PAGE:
Hooray! The Year in Food is a finalist in Saveur’s Best Food Blog Awards. If you feel like casting a vote my way, I’d be incredibly grateful!

Adapted from Salad for Dinner
Yield: 4 servings

Note: Vegetarians can easily substitute tofu for the chicken. The fish sauce can be substituted with soy sauce, though some flavor will be lost.

For the salad:

1.5 pounds boneless, skinless chicken thigh meat, diced
3/4 cup coarsely chopped shallots
2 tablespoons minced, fresh lemongrass
3 kaffir lime leaves, thinly sliced
1 small Thai green chile, seeded and sliced
1 teaspoon fish sauce
1 red bell pepper, halved and thinly sliced
1 cup cucumber slices
1 cup loosely packed mint leaves
2 green onions, thinly sliced
1/4 cup torn basil leaves
1 tablespoon vegetable oil
Bibb or green leaf lettuce leaves for serving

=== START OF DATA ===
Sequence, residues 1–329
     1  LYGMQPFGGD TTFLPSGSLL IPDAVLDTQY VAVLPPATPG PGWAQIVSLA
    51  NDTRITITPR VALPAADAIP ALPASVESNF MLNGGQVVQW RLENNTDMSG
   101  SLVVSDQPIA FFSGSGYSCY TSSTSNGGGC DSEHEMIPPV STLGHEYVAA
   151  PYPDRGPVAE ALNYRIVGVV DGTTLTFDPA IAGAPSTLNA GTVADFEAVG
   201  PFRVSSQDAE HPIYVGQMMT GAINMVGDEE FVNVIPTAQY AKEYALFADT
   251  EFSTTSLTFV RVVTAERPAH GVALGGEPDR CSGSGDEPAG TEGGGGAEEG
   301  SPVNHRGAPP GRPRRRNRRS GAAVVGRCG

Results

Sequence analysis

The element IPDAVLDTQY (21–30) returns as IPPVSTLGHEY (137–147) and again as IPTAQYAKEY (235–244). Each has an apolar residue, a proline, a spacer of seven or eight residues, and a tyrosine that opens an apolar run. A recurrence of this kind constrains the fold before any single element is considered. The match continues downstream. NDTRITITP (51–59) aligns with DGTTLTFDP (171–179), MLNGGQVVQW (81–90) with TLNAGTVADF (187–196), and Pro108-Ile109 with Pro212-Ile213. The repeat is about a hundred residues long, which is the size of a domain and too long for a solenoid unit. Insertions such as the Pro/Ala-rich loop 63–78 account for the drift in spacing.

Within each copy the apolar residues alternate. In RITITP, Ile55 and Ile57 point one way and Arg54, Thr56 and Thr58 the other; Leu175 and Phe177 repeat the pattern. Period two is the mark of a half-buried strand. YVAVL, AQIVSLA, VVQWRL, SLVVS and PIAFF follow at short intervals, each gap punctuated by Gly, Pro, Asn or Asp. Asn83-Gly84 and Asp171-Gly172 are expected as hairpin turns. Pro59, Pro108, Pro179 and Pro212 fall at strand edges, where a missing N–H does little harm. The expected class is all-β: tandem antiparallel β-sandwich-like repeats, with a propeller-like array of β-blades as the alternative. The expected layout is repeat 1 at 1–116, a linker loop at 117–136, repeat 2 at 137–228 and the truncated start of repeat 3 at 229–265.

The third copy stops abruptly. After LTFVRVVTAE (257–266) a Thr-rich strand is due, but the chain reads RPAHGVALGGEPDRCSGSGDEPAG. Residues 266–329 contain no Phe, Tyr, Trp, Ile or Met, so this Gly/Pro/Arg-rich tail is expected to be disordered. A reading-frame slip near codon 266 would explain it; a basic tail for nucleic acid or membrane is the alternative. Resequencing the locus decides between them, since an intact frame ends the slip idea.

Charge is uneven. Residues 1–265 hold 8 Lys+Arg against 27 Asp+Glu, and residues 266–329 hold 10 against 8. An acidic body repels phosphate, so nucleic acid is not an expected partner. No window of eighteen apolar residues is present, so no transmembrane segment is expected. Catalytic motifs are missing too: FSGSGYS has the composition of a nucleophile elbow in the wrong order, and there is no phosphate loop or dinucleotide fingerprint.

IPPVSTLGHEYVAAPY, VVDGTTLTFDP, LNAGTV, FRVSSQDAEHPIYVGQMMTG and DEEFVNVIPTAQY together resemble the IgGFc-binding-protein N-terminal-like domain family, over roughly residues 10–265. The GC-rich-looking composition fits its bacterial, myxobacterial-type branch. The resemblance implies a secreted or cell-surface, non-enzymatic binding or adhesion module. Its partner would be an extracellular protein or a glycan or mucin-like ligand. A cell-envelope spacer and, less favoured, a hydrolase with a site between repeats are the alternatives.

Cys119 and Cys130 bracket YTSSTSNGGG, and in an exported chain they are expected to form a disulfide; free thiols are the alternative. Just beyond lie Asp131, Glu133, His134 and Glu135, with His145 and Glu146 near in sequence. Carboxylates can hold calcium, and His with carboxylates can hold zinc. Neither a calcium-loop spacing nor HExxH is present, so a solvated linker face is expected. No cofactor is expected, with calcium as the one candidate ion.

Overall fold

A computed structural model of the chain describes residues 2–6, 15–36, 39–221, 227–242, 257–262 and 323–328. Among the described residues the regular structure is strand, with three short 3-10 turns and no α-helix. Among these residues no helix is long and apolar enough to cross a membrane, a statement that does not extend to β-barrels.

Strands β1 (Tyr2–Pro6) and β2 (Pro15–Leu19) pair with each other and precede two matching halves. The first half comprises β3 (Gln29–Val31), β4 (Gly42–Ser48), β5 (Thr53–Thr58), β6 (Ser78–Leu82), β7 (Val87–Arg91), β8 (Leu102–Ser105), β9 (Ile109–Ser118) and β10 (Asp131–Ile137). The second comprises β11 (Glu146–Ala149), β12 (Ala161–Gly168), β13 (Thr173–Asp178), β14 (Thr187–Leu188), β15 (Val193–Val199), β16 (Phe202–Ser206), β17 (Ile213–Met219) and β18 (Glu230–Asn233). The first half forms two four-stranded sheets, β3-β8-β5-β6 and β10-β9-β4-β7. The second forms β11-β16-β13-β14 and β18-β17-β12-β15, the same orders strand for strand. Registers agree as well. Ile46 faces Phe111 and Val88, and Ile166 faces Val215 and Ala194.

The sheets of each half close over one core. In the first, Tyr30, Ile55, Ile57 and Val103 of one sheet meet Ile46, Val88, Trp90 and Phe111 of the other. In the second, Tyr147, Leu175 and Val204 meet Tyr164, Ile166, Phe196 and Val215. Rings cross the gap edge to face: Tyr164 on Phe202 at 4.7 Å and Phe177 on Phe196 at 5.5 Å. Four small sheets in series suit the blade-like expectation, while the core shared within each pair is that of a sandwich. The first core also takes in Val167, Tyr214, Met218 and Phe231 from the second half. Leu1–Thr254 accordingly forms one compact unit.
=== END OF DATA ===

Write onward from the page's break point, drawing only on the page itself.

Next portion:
For the dressing:

1/3 cup freshly squeezed lime juice
3 tablespoons brown sugar
2 tablespoons fish sauce
2 teaspoons chili-garlic sauce or 1 teaspoon sambal oelek (can substitute Sriracha in a pinch)

First, prepare the dressing. Whisk together the lime juice, brown sugar, fish sauce and chili garlic sauce. Set aside until ready for use.

Combine the chicken, shallots, lemongrass, Kaffir lime leaves, chile and fish sauce in a food processor. Pulse until coarse.

Heat a large skillet over medium-high heat. Add the oil. Add the chicken mixture and fry, stirring occasionally, until golden, about 12 minutes.

Meanwhile, combine the bell pepper, cucumber, mint, basil and green onions.

Arrange the lettuce leaves on four plates. Divide the red pepper mixture evenly amongst the plates. Top with the chicken mixture.

Serve the dressing on the side.